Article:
The average journalism instructor typically doesn’t spend much time thinking about engineers—especially at UW-Madison, where the two disciplines are housed in buildings separated by about a mile. Yet the engineers appear to be on to something when it comes to innovative learning spaces, and their efforts are gradually spreading toward the southeastern end of campus.
I first wrote about the Wisconsin Collaboratory for Enhanced Learning (WisCEL, pronounced like “whistle”) in 2011 while working as a science writer for the College of Engineering. At the time, architecture was a big theme in the CoE (engineers are chronic acronym creators). The Wisconsin Institutes for Discovery (WID) and the new Union South were under construction, and Engineering Hall also had received a recent face-lift. Triangulated within these projects was the Wendt Library, a squat, Brutalist-style building.
Despite its long-term status as the neighborhood eyesore, the library now is gaining a more positive architectural reputation. The entire fourth floor of the library, known officially as Wendt Commons, has become a space for teaching and learning experiments and also is home to a staff dedicated to developing technology-aided, “inverted” courses related to STEM disciplines.
At the time of my initial press release, WisCEL was in its infancy, and the team behind the “collaboratory” had only recently obtained a grant to expand to College Library. Now, WisCEL-related renovations at College are complete, and the WisCEL spaces at both libraries are active sites that host multiple introductory courses, mostly related to math. And this year, WisCEL was included on Interim Chancellor David Ward’s Educational Innovation list.
The program is clearly growing, so this week I touched base with WisCEL Director John Booske, an electrical and computer engineering professor.
“We are seeing some remarkable progress in some of the WisCEL courses towards the ‘success for all’ goal, so we are excited about this preliminary evidence that we—and the pioneering, brave instructors we are supporting in WisCEL—are on the right track,” he said.
In some ways WisCEL’s growth seems at odds with recent efforts at UW-Madison to expand virtual class offerings via MOOCs. The MOOC push has garnered press attention and political approval, though virtual learning is not a new topic of conversation on campus. For example, at a WID event in late October 2012, Director David Krakauer and other panelists dreamed of an educational experience free of a physical campus altogether. (Krakauer also was in the news again this week talking about MOOCs.)
Are initiatives related to reforming classroom architecture, then, simply a stopgap until the full fruition of virtual education? The main forces behind WisCEL don’t think so. According to Booske, WisCEL instructors may choose to experiment personally with online materials and instruction, but any online-only efforts are distinct from their WisCEL-related courses.
“WisCEL's mission does and will continue to focus on the learning of on-campus students,” Booske said. “We are focused on our primary mission, which is ‘success for all,’ where ‘all’ for us means on-campus learners. That's [an] ambitious enough goal without spreading ourselves too thin to also think about MOOCs.”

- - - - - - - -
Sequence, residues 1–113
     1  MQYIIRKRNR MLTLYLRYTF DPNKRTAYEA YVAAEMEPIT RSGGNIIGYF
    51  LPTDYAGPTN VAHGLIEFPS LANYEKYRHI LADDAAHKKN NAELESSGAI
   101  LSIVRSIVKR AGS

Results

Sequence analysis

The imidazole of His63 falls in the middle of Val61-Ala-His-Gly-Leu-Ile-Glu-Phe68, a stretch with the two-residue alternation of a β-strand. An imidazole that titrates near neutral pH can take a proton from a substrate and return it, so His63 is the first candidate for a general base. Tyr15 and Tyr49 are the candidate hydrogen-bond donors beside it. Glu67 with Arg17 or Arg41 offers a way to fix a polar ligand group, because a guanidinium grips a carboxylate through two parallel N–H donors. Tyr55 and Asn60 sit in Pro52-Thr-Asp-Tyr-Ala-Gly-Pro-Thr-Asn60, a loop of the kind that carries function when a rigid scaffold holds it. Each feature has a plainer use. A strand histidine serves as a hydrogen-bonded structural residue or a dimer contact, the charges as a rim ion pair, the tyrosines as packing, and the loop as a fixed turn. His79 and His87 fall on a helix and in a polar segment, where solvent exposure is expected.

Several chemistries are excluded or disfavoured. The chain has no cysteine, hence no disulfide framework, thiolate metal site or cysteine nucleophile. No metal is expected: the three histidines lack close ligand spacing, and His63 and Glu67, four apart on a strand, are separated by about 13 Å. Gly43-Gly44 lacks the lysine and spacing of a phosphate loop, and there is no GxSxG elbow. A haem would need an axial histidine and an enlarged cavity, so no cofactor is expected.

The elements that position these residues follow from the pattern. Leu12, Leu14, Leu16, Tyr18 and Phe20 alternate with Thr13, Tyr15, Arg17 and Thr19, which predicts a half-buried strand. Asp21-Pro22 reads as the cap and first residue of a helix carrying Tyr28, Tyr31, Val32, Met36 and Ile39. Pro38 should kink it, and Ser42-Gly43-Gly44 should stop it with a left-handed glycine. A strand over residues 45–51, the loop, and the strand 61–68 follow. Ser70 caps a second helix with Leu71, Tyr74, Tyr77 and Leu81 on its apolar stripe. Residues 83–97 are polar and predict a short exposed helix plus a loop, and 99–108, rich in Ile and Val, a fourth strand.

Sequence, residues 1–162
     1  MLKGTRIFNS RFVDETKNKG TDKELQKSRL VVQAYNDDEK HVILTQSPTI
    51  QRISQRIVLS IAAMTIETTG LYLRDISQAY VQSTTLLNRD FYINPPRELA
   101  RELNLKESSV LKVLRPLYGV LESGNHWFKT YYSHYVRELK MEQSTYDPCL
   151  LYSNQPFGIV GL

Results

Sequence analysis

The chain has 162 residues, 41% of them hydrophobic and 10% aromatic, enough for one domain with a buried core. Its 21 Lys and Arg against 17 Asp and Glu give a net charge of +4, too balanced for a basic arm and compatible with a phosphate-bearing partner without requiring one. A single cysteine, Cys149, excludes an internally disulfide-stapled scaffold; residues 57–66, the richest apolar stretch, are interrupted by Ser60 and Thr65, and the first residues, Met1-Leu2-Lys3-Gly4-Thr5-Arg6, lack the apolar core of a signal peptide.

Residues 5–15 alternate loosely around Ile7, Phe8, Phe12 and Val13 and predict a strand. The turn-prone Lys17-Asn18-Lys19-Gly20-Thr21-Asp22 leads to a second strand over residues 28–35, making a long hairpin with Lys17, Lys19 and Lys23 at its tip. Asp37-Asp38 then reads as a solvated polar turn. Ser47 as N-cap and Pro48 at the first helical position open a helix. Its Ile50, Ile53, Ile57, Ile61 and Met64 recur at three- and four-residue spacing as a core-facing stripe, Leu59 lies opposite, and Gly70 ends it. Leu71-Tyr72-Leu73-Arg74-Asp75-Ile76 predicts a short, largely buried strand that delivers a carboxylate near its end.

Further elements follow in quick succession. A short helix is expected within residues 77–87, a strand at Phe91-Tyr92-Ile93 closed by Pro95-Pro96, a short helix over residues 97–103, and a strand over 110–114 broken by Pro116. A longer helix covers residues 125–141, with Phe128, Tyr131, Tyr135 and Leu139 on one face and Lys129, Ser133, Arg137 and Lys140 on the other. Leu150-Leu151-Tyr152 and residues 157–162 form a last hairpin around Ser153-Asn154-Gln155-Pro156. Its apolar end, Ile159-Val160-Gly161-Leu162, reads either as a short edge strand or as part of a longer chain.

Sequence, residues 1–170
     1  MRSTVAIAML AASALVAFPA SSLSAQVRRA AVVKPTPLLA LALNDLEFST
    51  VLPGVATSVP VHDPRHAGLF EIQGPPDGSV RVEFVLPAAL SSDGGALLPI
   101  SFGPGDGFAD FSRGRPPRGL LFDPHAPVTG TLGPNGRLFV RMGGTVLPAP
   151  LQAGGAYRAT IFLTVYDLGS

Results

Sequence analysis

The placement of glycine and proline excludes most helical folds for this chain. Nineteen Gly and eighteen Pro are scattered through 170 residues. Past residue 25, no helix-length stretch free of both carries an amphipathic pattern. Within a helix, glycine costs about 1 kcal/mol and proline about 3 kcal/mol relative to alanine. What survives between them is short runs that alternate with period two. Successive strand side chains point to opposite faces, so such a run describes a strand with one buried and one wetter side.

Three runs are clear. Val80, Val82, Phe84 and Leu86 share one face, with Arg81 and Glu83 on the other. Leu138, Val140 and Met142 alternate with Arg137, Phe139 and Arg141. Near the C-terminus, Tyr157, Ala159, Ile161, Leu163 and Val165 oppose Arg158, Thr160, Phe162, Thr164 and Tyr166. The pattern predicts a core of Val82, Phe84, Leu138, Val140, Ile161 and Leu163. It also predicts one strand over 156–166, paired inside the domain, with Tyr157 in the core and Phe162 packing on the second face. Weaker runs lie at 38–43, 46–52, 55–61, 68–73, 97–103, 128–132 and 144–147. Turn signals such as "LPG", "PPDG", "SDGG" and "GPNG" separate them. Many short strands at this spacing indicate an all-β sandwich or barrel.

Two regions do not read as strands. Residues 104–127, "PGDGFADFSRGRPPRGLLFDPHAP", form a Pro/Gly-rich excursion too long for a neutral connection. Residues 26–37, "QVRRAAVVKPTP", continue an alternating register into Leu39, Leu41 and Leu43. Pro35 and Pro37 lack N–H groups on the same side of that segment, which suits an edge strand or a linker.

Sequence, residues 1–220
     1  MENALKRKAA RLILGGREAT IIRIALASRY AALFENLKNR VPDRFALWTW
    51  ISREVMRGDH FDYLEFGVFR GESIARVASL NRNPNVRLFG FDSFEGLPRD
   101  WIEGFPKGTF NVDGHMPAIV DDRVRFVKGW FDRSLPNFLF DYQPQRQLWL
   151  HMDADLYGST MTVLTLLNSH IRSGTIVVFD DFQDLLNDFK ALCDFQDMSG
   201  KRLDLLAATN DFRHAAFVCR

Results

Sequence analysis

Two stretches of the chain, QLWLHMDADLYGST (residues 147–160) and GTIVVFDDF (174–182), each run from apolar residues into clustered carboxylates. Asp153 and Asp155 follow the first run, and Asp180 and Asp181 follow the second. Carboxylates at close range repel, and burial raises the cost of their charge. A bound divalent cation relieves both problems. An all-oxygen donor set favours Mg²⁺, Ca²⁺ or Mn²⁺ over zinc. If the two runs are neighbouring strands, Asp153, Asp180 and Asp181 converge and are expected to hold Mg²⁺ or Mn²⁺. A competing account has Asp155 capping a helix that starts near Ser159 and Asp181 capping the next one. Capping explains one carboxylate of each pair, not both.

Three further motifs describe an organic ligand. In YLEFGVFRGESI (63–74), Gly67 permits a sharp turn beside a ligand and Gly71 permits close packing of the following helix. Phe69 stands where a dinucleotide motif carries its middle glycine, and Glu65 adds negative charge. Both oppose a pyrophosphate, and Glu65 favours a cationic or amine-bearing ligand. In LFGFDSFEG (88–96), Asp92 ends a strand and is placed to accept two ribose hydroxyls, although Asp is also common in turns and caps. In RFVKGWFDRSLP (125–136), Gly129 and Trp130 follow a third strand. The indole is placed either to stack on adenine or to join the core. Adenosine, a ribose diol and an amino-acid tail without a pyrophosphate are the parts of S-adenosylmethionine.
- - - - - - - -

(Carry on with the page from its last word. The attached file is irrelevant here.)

For now, at least, physical classrooms are still an educational mainstay. In terms of circling this discussion back to journalism education, an increased emphasis on class architecture and student-centered “learning environments” could be valuable in many of our own courses. J202 is the most obvious example of this. The computer lab-style environment is well designed for a teaching assistant to stand at the front of the room and write on a white board, then walk around and coach individual students over their shoulders.
However, the current U-shape doesn’t allow for students to comfortably circle up for group work, spread out draft papers or set laptops close together for peer editing. Students essentially sit side-by-side in a cubicle format, with little shared real estate. If they do work collaboratively on print designs, video projects or web sites, one student ends up “driving” the mouse and keyboard while the others can only point and try to describe what they’d like to see.
An alternative environment could, for example, allow multiple students to work on a large screen at the same time via multiple mice or mirrored or dual monitors, which could create larger virtual spaces for creative work. Even more simply, an open room design could allow students to sit together more casually, which would facilitate more fluid group brainstorming and better resemble a newsroom or communications office environment. In the current U-shape, it’s all too easy for students on the edges of the room to hide behind screens and check out of group discussions entirely.
The WisCEL team is beginning to experiment with non-STEM courses. Currently two integrated liberal studies courses and a business course are available via WisCEL centers. (Booske said STEM instructors were the first willing to work with WisCEL, which is why these course “got in the door first.”)
However, while WisCEL is open to partnerships with social science and humanities instructors, Booske was somewhat cautious about major expansion. He said more WisCEL centers would be necessary, as well as an increased awareness of best practices for developing courses in non-traditional classroom environments.
“We are working on this,” he said. “But it involves resource investments, and that takes time and a great deal of complex logistical planning and leadership from many very individuals, all of whom are pleased and eager to see further opportunities for improved learning open up to all our students.”
While WisCEL’s growth plan is limited for now, perhaps it’s a good idea for SJMC instructors to start developing our own experimental classroom structures. Inverted pyramid chairs, anyone?